They’re all really different. First, the China market is still fairly new. This allows us to try different brands and retail concepts to see what works best. In such a big country, it’s hard to cater for all the different sectors and demographics. Expansion in China has been a huge challenge, with many curve balls and a need for continuous learning.
In Hong Kong, we can promote certain items through a single channel; but China is so big that it wouldn’t make sense to deliver just one message.
The style and shopping culture are also very different in the three places. Taiwan is a small market, so they’re not too attracted by international brands and already have a few go-to labels.
Hong Kong is the most international of the three. It is also compact, so information travels quickly. When following fashion, Hong Kong will be one step ahead of the other two.
“We want to replicate our Hong Kong success in the Chinese market.”
Sham Kar Wai discusses his business strategy
I.T recently purchased Japanese cult fashion label A Bathing Ape. The Asian fan base might feel differently about the brand after purchase by a Chinese corporation. What are your thoughts on this?
I always remind the [Hong Kong] media that Asian creatives are on par with those in Europe. In the last few years we’ve seen the Western audience look towards Asian designers and creatives for inspiration, with the likes of Alexander Wang, Humberto Leon and Carol Lim all doing great things.
But I feel that within Asia, people look at the Chinese like they’re creatively incapable — a prejudgement made based on a small proportion of the population. The local media should hack away these misconceptions and celebrate the Asian creative community.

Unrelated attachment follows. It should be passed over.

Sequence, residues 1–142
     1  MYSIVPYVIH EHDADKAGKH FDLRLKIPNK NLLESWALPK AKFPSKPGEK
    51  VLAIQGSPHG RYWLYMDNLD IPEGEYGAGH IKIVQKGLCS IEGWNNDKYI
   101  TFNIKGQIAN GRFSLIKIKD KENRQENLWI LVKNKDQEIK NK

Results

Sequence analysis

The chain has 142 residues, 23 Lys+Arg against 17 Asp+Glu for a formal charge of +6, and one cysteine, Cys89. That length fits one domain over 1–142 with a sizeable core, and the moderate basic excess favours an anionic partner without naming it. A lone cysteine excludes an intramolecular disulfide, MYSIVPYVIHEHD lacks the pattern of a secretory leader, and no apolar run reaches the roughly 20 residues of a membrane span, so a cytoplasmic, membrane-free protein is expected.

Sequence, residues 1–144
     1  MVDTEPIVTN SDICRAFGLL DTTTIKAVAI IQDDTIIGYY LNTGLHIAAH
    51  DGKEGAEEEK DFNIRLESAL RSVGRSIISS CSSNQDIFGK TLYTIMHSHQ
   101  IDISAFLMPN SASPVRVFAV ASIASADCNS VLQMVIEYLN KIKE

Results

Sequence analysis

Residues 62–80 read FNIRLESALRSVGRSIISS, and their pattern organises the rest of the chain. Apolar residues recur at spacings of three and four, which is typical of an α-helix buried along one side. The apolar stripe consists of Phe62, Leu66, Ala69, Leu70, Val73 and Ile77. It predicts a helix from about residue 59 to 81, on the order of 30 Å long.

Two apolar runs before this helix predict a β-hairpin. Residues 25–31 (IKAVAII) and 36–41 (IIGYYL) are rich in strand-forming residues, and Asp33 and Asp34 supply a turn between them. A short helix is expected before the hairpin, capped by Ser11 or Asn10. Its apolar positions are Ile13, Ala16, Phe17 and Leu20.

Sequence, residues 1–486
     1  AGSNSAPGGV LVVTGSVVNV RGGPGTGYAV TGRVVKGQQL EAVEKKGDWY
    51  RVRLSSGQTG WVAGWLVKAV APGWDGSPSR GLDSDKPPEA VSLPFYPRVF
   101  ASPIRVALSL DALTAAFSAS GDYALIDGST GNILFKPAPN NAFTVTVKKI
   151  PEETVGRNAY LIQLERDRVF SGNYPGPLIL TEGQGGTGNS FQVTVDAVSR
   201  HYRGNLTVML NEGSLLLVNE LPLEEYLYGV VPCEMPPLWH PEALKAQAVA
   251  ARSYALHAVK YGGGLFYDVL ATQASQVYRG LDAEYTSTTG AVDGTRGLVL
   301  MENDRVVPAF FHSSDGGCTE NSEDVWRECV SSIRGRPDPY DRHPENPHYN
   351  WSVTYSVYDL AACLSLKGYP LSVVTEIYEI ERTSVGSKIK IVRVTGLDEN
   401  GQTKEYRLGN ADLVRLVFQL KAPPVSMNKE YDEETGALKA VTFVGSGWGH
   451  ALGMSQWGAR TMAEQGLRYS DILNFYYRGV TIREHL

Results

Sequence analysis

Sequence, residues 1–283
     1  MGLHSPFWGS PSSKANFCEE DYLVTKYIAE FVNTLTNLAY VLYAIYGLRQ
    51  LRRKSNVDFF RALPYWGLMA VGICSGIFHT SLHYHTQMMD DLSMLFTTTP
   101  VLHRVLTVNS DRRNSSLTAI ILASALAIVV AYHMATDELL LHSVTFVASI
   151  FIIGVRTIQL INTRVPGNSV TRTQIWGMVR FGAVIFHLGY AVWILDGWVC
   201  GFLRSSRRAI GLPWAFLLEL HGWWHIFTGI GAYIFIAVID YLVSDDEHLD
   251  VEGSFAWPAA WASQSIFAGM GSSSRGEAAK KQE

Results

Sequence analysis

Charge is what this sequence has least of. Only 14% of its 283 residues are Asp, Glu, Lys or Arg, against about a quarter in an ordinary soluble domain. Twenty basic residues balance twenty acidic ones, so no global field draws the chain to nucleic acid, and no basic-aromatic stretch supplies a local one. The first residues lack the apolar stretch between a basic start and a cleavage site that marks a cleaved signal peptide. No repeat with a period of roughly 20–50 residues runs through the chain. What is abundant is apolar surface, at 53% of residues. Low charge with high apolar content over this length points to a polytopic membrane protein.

Setting aside the media, how can you yourself change these misconceptions?
Interviews with the press help, but chiefly we should just focus on being diligent at what we do best.
Our subsidiary line Izzue recently hosted a fashion design competition at Beijing’s Tsinghua University. It was part of a series of events in Hong Kong, New York and London. Aside from celebrating young talents, the event showcased China’s ability to inspire.
The communist reign ended 30 years ago, but China really grew creatively just in the last decade. This means that China is still in its budding years — an exciting time with the number of routes that it can take. While the rest of the world looks at the Chinese market as a big place filled with opportunity, Hong Kong’s negative judgement of its motherland is counterproductive. Shanghai and Beijing can shine creatively with a less judgemental mindset, while Hong Kong still looks at its own kind in a negative light.